What is pilonidal sinus?
Pilonidal means a ‘nest of hairs’. A pilonidal sinus is a small tunnel that develops at the top of the crease in the buttocks. Trapped hair around the buttocks crease can lead to an abscess, and a pilonidal sinus may develop as a result.
The cause for pilonidal disease is not completely understood but fallen hair often starts creating sinus in the cleft (crease) between the buttocks. These hairs can traumatize and penetrate the skin at the top of the buttock crease. Hairs can get caught under the skin in this area. This can result in irritation, infection, and formation of an abscess.
Once the abscess heals, either on its own or with treatment, a pilonidal sinus may develop. The sinus is like a pipe just under the skin with tiny openings to the surface of the skin. People with a pilonidal sinus need to take care of the area to prevent future abscesses and infections.
What are the symptoms of a pilonidal sinus?
A pilonidal sinus affects the natal cleft, which is the top of the crease of the buttocks, just under the tailbone.
A pilonidal sinus may not cause any symptoms at first. You may not be aware that you have one. Some people notice a painless lump at first in the affected area when washing. However, in most cases, symptoms develop at some stage and can be ‘acute’ or ‘chronic’.
Rapid-onset (acute) symptoms
You may develop increasing pain and swelling over a number of days as a ball of pus with surrounding skin infection (an infected abscess) develops in and around the sinus. This can become very painful and tender.
Persistent (chronic) symptoms
Around 4 in 10 people have a repeated (recurrent) pilonidal sinus. You may develop some pain which is less intense than the acute symptoms. Usually, the sinus discharges some pus. This releases the pressure and so the pain tends to ease off and not become severe. However, the infection never clears completely. This can mean that the symptoms of pain and discharge can last long-term, or flare up from time to time, until the sinus is treated by an operation.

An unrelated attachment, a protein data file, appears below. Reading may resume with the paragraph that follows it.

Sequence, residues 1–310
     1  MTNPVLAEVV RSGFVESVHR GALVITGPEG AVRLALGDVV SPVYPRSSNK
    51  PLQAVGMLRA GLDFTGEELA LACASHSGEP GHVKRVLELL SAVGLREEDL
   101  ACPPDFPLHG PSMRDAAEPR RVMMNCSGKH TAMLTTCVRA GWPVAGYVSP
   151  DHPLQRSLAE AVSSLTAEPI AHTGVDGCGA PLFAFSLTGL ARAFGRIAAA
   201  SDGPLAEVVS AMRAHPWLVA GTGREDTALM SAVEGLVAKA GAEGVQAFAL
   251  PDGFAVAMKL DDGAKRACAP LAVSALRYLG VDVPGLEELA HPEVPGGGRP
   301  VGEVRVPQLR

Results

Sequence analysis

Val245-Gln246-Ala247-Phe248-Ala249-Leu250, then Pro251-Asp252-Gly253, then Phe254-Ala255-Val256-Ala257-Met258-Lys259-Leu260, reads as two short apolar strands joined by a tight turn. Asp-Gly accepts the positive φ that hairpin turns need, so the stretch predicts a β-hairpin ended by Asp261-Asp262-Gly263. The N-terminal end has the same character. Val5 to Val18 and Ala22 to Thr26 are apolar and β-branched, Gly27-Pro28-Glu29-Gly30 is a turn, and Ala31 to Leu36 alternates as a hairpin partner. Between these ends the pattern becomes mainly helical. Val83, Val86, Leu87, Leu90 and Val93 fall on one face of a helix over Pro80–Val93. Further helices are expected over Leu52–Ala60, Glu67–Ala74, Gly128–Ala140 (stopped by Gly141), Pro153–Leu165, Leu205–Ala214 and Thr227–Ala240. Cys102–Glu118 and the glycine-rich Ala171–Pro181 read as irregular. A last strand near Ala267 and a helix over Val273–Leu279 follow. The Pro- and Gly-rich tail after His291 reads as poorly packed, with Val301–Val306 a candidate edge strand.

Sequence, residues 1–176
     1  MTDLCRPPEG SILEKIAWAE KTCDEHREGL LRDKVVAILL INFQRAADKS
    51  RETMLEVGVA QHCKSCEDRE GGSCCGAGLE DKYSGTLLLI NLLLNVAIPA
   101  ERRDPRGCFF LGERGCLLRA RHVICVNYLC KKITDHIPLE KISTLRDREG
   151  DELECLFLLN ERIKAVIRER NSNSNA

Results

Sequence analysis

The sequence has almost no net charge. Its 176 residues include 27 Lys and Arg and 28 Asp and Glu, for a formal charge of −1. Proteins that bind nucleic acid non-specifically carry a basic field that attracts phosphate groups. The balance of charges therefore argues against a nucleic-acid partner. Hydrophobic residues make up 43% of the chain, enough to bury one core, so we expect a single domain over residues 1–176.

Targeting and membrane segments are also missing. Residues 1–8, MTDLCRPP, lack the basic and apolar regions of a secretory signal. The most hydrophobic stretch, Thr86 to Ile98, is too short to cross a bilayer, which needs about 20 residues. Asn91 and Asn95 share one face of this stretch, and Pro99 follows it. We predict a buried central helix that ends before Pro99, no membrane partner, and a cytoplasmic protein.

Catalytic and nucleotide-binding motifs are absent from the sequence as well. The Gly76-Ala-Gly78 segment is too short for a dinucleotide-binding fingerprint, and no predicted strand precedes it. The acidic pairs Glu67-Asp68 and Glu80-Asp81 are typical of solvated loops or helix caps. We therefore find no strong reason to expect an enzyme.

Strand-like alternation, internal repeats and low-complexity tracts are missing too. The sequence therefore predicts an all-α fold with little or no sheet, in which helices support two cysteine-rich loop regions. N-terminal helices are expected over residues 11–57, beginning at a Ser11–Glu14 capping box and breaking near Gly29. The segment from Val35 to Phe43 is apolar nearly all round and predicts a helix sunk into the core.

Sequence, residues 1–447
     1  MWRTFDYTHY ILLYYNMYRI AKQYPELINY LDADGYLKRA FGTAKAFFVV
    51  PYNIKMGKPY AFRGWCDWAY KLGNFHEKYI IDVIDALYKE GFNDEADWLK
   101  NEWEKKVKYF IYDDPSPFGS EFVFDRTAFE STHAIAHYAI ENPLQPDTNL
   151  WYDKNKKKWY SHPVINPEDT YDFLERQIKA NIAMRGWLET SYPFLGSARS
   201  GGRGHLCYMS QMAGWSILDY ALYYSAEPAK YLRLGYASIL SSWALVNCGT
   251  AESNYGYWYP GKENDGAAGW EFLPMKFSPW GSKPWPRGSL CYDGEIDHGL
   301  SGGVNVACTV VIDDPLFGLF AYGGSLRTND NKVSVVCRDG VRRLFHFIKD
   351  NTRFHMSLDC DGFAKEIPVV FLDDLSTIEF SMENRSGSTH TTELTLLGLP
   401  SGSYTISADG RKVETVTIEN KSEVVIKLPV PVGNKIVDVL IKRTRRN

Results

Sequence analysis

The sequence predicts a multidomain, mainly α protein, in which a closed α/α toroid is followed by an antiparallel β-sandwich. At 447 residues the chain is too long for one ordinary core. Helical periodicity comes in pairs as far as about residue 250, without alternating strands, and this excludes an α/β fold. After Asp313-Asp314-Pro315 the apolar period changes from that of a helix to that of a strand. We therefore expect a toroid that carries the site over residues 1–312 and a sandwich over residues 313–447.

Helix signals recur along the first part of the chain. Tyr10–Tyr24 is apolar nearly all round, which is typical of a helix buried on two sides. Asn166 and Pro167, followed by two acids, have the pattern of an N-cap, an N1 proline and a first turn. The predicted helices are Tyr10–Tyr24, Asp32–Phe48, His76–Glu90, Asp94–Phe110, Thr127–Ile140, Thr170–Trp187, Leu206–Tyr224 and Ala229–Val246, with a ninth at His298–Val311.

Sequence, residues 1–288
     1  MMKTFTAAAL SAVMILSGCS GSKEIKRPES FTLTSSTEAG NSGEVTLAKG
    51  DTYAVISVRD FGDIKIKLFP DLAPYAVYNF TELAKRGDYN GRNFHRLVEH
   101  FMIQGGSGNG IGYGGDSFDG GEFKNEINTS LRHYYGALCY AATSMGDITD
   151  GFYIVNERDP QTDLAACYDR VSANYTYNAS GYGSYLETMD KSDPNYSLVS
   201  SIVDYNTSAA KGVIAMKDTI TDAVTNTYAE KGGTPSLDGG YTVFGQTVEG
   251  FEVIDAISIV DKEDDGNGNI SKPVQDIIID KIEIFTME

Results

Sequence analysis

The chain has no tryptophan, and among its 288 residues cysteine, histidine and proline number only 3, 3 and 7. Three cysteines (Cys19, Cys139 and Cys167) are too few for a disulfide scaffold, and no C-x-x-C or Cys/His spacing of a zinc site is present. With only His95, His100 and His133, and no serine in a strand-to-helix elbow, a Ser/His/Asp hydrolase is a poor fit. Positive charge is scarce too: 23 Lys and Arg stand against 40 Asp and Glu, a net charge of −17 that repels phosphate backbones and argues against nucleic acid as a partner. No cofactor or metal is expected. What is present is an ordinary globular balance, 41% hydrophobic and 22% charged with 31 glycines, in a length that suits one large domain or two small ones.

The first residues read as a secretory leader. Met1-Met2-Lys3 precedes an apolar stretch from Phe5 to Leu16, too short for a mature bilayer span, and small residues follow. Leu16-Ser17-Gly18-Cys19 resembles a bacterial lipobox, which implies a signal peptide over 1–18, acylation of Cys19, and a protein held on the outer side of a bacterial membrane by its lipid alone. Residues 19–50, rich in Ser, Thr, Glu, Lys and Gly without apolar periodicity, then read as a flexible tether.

If people have a pilonidal sinus, they may have the following symptoms:
- small dimple in the skin
- irritation or discomfort
- painful mass, which may be an abscess
- drainage from the area, which may be a clear, cloudy, or bloody fluid
- red, tender area
- foul-smelling pus
- Risk factors for pilonidal sinus include:
- being male
- having a family history of pilonidal disease
- being overweight
- experiencing trauma or irritation in the area
- having a sedentary lifestyle or sitting down for long periods
- having a lot of hair around the buttocks
- practicing poor hygiene habits
- being younger, as pilonidal sinus is more common in young adults
What is the treatment for pilonidal sinus?
If you have no symptoms
If you have no symptoms then you will normally be advised to clear the affected area of hairs (by shaving, etc) and to keep the area clean with good personal hygiene.
If you have rapid-onset (acute) symptoms
If you have an infection then you may be given some medicines called antibiotics. Painkillers (such as paracetamol and/or ibuprofen) may be very helpful to improve the pain. It may be that you need to have an emergency operation. This procedure punctures (incises) and drains the ball of pus with the surrounding skin infection (abscess). This is usually done in hospital. Whether it is an initial or recurring occurrence, first-line treatment of acute pilonidal disease with abscess is incision and drainage. This option is successful in 60% of patients with primary disease, with 40% requiring an additional procedure. Up to 40% of patients treated with incision and drainage will have a recurrence because of inadequate management of debris, epithelialization, granulation tissue, and sinus tracts.
If you have persistent (chronic) symptoms
In most cases, an operation will be advised. There are various operations which are done to cure this problem. Your surgeon will be able to give the details and the pros and cons of each operation. The options include the following:
Reducing the abscess can help make the pilonidal sinus more visible and easier to treat.
A few weeks after abscess drainage, people may have a procedure called pit picking. People will have a local anaesthetic and a doctor will cut out the pit, or sinus.
Wide excision and healing by secondary intention. This operation involves cutting out (excision of) the sinus but also cutting out a wide margin of skin which surrounds the sinus. The wound is not closed but just left open to heal by natural healing processes (healing by ‘secondary intention’). This usually requires several weeks of regular dressing changes until it heals fully. The advantage of this method is that all inflamed tissue is removed and the chance of the condition coming back (a recurrence) is low.